Philadelphia, PA (Sports Network) -
Miller time doesn't come often in St. Louis, where Anheuser-Busch is king, but goalie Ryan Miller is going to change that following his trade from the Buffalo Sabres to the Blues.
From a fantasy perspective, Miller hit the jackpot. The Sabres are the worst team in hockey, both offensively and defensively, and the only reason they aren't worse than 20th in the NHL in goals allowed is because Miller is so terrific.
Miller's .923 save percentage (SV%) ranks 11th in the NHL, but his 2.72 goals- against average (GAA) is just 2.72, 28th best in the league. He has faced 35.28 shots on goal (SOG) per game, worst in the NHL.
According to extraskater.com, Buffalo ranks last in both Fenwick-for (the number of unblocked shots a team takes divided by total unblocked shots for and against) and Corsi-for (same as Fenwick-for but with blocked shots included) percentage in close situations (score tied in any period or within one goal in the first or second periods).
Meanwhile, Miller's new team ranks in the top 10 in both Fenwick-for and Corsi-for percentage and has given up the second least shots on goal per game in the NHL.
The Blues have been demonstrating their defensive prowess for several years and making life very easy for netminders Jaroslav Halak, who was included in the trade, and Brian Elliott.
In 2012-13, Halak had an .899 SV%, the worst in all of hockey, but his 2.14 GAA ranked ninth, and Brian Elliott had a .907 SV% and 2.28 GAA.
It's been a similar situation this season, as Halak has put up a .917 SV% and a 2.23 GAA while Elliott has recorded a .917 SV% and a 2.08 GAA.
If Miller's SV% was .917, his GAA would be 2.94, an average that would rank in the bottom five along with the Reto Berras and Ondrej Pavelecs of the league.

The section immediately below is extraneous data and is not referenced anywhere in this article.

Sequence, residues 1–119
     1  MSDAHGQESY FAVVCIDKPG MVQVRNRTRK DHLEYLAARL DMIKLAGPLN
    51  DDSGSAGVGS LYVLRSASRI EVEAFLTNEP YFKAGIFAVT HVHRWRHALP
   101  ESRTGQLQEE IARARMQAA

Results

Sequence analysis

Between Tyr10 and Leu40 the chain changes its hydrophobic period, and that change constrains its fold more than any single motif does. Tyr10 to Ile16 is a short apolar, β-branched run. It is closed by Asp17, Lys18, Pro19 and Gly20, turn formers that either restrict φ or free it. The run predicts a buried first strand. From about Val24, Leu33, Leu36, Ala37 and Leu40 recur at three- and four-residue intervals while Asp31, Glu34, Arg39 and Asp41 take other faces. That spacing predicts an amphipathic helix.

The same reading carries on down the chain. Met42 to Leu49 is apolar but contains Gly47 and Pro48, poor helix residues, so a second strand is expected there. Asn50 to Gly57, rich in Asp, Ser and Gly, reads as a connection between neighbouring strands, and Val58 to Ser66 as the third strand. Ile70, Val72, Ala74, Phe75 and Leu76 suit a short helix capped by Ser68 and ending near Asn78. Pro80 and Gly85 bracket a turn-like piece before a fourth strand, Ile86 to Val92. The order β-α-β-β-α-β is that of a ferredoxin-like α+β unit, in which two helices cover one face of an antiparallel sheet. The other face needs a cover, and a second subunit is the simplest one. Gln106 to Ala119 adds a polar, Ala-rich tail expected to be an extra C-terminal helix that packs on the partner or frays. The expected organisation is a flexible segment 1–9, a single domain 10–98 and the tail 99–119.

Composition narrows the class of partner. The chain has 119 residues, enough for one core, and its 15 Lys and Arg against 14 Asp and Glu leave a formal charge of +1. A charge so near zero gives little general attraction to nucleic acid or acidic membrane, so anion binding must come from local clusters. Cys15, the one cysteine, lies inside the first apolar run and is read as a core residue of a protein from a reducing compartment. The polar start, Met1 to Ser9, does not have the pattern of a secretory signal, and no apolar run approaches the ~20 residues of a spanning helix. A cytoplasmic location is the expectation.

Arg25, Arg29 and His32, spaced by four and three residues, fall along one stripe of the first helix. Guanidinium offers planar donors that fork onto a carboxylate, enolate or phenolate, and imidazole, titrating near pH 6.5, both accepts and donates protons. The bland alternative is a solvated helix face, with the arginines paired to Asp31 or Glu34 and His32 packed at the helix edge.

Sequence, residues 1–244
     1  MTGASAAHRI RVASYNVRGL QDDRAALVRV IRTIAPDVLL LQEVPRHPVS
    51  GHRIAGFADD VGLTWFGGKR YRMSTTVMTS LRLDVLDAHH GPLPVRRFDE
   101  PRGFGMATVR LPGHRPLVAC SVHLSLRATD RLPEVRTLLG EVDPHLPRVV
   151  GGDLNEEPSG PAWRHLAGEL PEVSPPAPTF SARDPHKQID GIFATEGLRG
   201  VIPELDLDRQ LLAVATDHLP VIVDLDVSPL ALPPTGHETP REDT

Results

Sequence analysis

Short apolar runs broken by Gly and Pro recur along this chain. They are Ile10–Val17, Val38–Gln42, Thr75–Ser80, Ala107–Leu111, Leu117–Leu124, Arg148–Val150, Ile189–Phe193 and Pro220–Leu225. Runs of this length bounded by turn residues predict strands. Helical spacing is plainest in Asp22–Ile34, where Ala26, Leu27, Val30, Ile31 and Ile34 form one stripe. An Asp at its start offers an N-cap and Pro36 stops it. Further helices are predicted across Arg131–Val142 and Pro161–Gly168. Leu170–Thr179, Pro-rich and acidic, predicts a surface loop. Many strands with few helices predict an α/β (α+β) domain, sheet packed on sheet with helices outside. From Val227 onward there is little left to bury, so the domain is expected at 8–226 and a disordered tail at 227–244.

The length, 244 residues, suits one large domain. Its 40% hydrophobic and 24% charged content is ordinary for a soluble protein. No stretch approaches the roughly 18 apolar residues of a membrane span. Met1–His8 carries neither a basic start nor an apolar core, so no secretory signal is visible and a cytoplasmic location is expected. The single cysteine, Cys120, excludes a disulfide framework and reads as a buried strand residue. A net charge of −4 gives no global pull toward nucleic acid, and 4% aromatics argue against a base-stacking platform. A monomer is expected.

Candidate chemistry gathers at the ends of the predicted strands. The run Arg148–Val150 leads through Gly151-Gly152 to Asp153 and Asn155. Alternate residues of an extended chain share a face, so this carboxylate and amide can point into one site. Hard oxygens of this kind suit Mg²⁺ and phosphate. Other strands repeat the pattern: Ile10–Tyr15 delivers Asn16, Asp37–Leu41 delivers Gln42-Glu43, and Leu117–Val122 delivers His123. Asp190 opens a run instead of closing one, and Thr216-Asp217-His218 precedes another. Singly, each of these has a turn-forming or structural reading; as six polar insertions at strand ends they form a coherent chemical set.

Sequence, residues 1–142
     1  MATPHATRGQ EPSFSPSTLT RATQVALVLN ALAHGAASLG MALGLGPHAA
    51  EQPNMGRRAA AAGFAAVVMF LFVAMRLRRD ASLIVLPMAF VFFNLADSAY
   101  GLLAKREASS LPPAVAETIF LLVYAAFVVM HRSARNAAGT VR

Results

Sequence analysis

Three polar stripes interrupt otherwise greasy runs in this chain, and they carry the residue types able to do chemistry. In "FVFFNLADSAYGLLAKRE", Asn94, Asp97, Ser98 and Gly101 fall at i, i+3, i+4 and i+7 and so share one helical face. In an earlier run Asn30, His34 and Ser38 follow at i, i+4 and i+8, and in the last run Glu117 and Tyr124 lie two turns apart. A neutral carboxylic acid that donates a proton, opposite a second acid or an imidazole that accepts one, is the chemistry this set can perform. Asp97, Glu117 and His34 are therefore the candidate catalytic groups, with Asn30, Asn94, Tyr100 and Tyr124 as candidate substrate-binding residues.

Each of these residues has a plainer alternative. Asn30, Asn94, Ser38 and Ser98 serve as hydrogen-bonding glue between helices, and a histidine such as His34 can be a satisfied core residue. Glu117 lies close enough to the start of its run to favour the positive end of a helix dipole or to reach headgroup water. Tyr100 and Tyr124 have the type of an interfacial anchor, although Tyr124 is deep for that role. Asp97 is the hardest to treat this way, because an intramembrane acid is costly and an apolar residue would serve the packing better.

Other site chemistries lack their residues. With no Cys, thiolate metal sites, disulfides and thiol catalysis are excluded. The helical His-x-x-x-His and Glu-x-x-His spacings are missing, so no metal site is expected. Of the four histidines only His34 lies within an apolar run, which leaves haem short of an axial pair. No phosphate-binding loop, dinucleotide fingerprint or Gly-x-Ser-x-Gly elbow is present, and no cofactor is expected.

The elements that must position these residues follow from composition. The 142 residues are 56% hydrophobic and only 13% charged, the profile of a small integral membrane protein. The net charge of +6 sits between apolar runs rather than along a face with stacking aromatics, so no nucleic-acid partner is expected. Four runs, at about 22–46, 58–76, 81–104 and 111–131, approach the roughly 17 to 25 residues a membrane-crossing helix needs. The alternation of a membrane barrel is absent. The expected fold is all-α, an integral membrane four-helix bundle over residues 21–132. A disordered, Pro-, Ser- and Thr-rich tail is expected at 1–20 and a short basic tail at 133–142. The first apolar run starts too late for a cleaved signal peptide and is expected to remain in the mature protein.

Miller has raised his game over the last four months after a disastrous start that saw him post a .912 SV% and a 3.40 GAA in his first 13 starts. The goaltender has registered a .929 SV% and a 2.40 GAA over his last 27 outings.
He also should be plenty fresh enough to start the majority of St. Louis' 23 remaining games.
The 33-year-old was part of Team USA in the 2014 Sochi Olympics, but unlike 2010 when he played 355 minutes over six games in Vancouver, Miller played just one game.
Miller's biggest issue in St. Louis will be deciding what to do with all the extra downtime he's going to be getting in the crease compared to Buffalo, where he was under fire constantly.
Maybe he can take up a hobby, do some light reading or get his taxes done. Or maybe he should just get a phone line installed on the ice to field calls from Halak, who is going to need a sympathetic ear to complain to about Buffalo's defense.
Who better to listen to him than the man who just spent nearly 11 seasons with the organization?